Coming back in to land we got one of the last views of the wharf before BAM started to excavate. One of the large crawler cranes can be seen just back from the front of wharf. The cranes became part of the Rothera skyline for the rest of summer.

We were so busy in January that we had the Ernest Shackleton at our disposal for 10 days as a floating hotel (a flotel!). With people coming and going from the field all the time we had to put six people on board for several nights. There were several jobs to do in the local area so people who could manage a day away from station got out for a day trip. Given that it was my job to organise all the movements I made sure I got out for a trip too (sanity break). It’s not everyday you have an ice-strengthened ship at your disposal!

Between Adelaide island and the mainland is a small channel called ‘The Gullet’. It’s frozen most of the year and most of the tourist ships don’t make it through, though if they could they would! It’s something I’ve wanted to see for a long time. You can just make out the entrance to the right of the island in the middle of the shot.

All the Rothera refugees were out on deck for this one, Alex and Steve (centre and right) were the electronic engineers this summer and are responsible for servicing 35 or so automatic weather stations (AWS) around west Antarctica. While most of those locations require a Twin Otter flight to the Antarctic interior, there was a station on a small island just north of the Gullet: a perfect job for the Shackleton.

Up on Monkey Island (above the bridge) is a good place to get a view of things. It might not be possible to do justice to the channel with photographs.

I consider myself very lucky to have seen and done some of the things I’ve been able to do but this was very special.

I think most of us were pretty blown away by the experience.

There was plenty of pack ice when we got out of the channel, a sign of things to come…

We soon found fast ice (ice that’s stuck ‘fast’ to the land) which meant we had to go into ‘ice breaking mode’. It sounds exciting and it is for the first 20 minutes or so. The process of ice breaking basically involves ramming the ice and, with some good timing, putting the engines in reverse before you get wedged in. If you get wedged you then pump ballast from port to starboard, or vice versa, to shake yourself loose. You’re lucky if you get 20m from each ramming run and you can be stuck for 1hr pumping if you really get wedged. Captain Harper (on the left) knows sea ice better than anyone I know and seems to take it all in his stride (I should add that he’s possibly the easiest going Captain I’ve met). He has a great tendency to turn around, laugh and say ‘oooppsss’ when he hits a chunk of ice that’s bigger than he’s expecting, even if it rocks or slows the ship and makes a heart stopping sound on the hull.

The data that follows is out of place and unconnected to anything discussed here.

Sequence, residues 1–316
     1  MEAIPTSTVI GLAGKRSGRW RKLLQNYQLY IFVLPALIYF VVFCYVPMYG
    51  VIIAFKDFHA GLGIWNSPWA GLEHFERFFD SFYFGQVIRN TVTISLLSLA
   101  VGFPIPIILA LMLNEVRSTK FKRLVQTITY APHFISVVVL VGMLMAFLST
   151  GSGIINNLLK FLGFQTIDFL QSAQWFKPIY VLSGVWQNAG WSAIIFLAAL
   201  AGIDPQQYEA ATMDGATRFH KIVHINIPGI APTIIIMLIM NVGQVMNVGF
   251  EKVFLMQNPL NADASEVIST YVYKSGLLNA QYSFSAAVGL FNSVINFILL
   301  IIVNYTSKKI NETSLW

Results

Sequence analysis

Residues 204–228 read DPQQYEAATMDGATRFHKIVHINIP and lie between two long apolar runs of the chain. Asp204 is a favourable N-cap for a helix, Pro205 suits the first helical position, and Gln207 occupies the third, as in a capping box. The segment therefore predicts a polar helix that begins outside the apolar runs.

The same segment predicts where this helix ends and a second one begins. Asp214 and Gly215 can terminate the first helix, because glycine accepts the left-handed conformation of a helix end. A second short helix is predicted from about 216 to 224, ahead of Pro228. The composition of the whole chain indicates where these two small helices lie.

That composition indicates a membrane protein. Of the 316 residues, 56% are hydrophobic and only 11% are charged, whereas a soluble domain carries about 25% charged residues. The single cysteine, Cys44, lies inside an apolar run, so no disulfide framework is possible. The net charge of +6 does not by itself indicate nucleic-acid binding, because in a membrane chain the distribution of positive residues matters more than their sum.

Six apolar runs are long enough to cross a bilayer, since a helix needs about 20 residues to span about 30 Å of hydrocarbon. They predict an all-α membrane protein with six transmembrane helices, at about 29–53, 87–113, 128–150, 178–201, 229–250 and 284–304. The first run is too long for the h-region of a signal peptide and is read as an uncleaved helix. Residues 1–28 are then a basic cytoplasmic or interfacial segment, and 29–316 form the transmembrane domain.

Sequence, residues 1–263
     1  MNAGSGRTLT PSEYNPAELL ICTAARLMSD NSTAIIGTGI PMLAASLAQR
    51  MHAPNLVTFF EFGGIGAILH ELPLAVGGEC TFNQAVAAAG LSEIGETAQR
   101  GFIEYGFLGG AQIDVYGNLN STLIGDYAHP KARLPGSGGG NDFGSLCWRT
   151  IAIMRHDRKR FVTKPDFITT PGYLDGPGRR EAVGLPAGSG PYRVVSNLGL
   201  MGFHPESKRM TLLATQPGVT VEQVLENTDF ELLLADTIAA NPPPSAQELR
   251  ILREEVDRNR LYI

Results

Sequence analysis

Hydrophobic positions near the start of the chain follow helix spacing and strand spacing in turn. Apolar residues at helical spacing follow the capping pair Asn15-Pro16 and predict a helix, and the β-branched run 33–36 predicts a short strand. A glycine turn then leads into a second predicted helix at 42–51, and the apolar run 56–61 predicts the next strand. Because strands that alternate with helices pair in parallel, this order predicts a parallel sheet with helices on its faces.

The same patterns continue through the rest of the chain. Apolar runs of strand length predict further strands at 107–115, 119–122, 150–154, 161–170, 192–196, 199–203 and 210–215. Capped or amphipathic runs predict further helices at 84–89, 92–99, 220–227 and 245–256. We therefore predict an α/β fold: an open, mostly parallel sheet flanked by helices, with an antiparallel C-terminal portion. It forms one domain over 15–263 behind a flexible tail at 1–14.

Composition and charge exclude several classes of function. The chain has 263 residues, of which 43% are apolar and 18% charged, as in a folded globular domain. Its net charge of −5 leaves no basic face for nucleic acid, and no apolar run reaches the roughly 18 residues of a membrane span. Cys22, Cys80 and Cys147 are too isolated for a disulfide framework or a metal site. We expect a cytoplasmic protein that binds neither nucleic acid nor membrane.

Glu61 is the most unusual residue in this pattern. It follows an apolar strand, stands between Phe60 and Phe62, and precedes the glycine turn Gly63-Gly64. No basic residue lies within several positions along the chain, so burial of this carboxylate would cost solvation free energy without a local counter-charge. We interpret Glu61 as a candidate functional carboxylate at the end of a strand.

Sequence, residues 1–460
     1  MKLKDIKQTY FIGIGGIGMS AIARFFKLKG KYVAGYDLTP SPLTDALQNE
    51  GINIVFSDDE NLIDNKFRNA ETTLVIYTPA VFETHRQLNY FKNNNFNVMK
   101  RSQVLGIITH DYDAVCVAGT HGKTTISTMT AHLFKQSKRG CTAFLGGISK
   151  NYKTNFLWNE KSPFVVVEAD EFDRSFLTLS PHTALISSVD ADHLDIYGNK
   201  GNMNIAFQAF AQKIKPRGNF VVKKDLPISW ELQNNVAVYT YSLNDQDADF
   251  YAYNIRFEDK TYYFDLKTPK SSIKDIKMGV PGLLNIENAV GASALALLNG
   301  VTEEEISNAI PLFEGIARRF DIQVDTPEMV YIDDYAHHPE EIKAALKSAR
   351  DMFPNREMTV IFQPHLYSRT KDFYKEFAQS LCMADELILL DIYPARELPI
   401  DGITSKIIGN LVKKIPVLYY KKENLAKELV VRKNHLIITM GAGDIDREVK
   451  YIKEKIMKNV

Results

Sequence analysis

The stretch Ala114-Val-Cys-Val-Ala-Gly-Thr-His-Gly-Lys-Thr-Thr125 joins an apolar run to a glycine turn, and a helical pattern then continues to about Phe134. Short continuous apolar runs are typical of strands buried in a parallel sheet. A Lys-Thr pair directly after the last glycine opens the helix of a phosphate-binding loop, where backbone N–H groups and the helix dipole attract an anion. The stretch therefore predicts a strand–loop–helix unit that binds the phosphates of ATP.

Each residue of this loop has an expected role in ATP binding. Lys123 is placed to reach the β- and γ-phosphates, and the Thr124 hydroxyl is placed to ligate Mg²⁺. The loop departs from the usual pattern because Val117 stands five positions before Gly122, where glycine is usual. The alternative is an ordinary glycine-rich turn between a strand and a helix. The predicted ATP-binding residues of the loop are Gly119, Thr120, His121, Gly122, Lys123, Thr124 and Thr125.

We found the little island with the AWS on it but the ice was too much with the time we had. So we had to turn tail and head back to Rothera. The AWS did get serviced later in the summer, not by a ship though. I’ll come back to you on that one in a couple of posts time. With the RRS Sir David Attenborough nearing completion the Shackleton, chartered to BAS for many years, was handed back to her Norwegian owners in April. I think most people at BAS are really sad to say goodbye to such a capable ship and I was always made to feel really welcome whenever I got on board. Getting to go through the Gullet on her was something I’ll never forget. It’s possible the Attenborough, which is about twice the size, will be too big and won’t be able to make it through. I stepped of the small boat that took us back to shore and was told I needed to do the scrub out-rota in the next 3 hours (a not so simple job of dividing everyone available on station into various groups to clean, tidy, move food and/or drink at the end of the working week, probably about 100 people in this case)… At least I’d had my morning coffee.

By the middle of February, I was possibly the most hard-worked and fatigued I had ever been. I think I’d started to develop the famous Antarctic 1,000 yard stare in the dining room during meals and break times. The stare normally signals someone who’s been south too long and/or is burning out. It’s often accompanied by a slack jaw and gaping mouth that makes you look like you’re trying to catch flies! With a month or so gap before the next ship call I had the chance to get off station for a longer period. I had to pack enough for a couple of weeks and take all my warm clothes as I was heading further south. Destination: Fossil Bluff.